"She then called our son-in-law, Dr. Heath McAnally, an anesthesiologist, at Elmendorf Air Force Base Hospital in Anchorage, AK, believing that he and our daughter, Jules, needed to be informed about dad. Heath's schedule is such that it is usually very difficult to reach him by phone but Cristina made the call from Pagosa to Anchorage and he answered immediately."

"We have been estranged from our daughter and her husband for 5-1/2 years. We have not seen nor talked to them during this time. Bob believed and expressed his beliefs several times that he would never see our daughter, Jules, in this lifetime but that he waited to embrace her in the next life."

"While standing at the desk in the Mt. Pleasant ER, I overheard an incoming emergency call from Anchorage, AK for the on-duty cardiologist and I knew it had to be from our son-in-law. The doctor took his call and brought Heath current on Bob's status. I was so surprised, not knowing Cristina had called him, but at the same time so happy for his call and speedy response. "

"Meanwhile, Air Flight #1, with EMS Officer, Meghan Vanderbilt and the care-flight trauma team, stood-by to fly Bob to the East Texas Medical Center in Tyler as predicted thunderstorms began to roll in. By the time an external pacemaker was in place to stabilize his heart, the weather window closed for the air flight. Bob was released to Meghan and the helicopter trauma team but since they couldn't fly, they loaded him into the ambulance for another 60-mile emergency trip."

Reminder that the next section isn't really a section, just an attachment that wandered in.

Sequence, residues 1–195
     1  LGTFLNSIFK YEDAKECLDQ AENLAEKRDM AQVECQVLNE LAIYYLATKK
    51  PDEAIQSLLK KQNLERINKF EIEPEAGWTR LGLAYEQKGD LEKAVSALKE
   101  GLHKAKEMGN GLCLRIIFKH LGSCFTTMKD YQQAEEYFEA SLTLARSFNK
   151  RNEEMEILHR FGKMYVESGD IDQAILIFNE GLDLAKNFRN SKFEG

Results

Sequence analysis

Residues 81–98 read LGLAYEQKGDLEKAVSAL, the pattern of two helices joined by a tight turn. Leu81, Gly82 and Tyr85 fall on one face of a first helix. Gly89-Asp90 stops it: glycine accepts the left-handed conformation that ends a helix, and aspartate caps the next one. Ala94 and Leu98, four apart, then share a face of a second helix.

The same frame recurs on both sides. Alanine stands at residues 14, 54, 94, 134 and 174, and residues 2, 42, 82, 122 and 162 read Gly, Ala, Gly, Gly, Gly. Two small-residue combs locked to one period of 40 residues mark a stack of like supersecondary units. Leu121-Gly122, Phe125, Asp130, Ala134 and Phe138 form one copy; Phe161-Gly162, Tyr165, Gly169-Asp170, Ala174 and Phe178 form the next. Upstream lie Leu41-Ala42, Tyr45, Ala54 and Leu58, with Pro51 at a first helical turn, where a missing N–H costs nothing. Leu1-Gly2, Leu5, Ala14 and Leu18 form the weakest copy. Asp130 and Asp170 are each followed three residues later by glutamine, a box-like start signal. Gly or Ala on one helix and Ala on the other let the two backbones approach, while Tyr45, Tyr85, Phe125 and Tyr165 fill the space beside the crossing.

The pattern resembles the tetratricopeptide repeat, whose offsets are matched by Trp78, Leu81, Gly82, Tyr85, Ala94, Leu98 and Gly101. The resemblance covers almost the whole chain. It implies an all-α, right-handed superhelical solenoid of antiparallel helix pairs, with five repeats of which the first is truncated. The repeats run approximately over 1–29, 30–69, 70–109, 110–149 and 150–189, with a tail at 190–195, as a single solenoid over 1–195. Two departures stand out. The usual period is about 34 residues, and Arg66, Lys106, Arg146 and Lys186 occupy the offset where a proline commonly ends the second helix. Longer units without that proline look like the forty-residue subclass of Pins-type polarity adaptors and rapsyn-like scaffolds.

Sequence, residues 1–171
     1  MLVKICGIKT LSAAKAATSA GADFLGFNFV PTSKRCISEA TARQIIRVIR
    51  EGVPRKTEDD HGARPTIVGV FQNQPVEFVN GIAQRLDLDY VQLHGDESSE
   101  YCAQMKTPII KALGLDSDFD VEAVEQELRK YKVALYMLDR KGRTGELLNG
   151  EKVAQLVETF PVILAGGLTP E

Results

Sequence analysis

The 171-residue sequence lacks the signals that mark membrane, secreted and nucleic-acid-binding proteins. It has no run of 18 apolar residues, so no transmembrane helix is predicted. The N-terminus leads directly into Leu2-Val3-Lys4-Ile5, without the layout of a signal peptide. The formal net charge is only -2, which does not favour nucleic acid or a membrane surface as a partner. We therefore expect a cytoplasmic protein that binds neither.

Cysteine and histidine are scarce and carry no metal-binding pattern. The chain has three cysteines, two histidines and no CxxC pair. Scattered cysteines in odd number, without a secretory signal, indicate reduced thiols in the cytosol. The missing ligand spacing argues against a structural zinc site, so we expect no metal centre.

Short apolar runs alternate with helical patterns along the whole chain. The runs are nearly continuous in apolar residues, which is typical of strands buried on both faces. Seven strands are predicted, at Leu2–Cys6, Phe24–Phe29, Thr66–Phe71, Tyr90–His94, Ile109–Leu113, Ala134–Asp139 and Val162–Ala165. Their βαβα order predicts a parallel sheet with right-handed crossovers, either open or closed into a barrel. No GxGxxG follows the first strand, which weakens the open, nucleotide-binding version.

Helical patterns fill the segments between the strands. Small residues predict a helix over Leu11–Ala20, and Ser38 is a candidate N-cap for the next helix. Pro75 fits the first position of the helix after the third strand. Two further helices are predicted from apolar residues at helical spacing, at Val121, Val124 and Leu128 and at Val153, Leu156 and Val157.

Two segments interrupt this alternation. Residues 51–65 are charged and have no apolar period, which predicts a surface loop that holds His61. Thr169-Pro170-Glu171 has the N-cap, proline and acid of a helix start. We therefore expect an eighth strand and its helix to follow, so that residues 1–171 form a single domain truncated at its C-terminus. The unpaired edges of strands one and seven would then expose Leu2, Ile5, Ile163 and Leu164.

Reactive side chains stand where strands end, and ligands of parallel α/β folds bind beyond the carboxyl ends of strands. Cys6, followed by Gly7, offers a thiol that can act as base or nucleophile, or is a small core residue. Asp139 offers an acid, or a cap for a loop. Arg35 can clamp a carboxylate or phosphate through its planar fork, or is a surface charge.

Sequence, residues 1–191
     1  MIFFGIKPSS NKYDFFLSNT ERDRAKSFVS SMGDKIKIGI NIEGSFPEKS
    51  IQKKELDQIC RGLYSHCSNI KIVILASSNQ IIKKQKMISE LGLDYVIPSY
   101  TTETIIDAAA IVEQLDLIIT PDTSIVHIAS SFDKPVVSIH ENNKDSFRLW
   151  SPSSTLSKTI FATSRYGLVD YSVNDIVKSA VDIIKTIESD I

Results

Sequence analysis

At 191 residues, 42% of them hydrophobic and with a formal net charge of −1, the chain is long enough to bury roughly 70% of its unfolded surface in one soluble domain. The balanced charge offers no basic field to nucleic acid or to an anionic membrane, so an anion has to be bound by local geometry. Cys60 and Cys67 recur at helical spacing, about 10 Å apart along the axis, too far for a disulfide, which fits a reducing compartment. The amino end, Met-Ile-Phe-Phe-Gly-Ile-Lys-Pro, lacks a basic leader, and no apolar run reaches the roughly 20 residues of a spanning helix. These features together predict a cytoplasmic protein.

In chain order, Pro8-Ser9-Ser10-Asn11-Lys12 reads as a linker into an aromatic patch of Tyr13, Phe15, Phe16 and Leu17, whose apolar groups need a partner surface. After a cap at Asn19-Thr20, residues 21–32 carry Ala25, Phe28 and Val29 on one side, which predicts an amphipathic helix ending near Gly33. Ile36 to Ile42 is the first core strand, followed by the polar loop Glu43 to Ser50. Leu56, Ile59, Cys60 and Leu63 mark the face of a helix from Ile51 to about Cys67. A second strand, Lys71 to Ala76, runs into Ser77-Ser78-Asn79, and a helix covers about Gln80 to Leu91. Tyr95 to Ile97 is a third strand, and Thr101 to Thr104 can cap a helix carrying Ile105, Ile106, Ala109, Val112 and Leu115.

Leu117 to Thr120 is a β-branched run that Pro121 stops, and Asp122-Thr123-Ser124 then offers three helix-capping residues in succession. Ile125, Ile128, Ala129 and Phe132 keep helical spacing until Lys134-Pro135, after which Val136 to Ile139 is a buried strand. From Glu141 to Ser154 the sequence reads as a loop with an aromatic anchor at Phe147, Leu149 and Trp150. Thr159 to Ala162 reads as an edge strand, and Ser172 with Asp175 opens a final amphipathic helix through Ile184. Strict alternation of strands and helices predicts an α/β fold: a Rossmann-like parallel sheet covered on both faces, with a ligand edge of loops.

"Meghan called me over to the ambulance for my goodbyes, and then quickly scooted the gurney inside. In the next instant they were gone with sirens blaring while I stood dazed, watching my 'Huckleberry Friend' disappear. At that moment, I felt I was losing my best friend, so helpless and lost and I'm sure I looked as I felt. Gratefully, God's angels came to my rescue yet one more time."

"As I thanked the ER staff, the nurse in charge, Carol, insisted I accept a tub of food she had gathered to sustain me throughout the day. I know that I didn't appreciate it enough at the time but that was the only food I had that day and I'm so grateful for her thoughtfulness."

"As I stood outside the hospital clutching the briefcase, food and my purse, I tried to remember where Andy, the Park Ranger, had parked our pick-up. Under normal circumstances, I would probably get lost driving through one unknown town to get to a hospital in another unknown town, 60-miles down the road. Just then, Jackie Martin took matters into her own hands."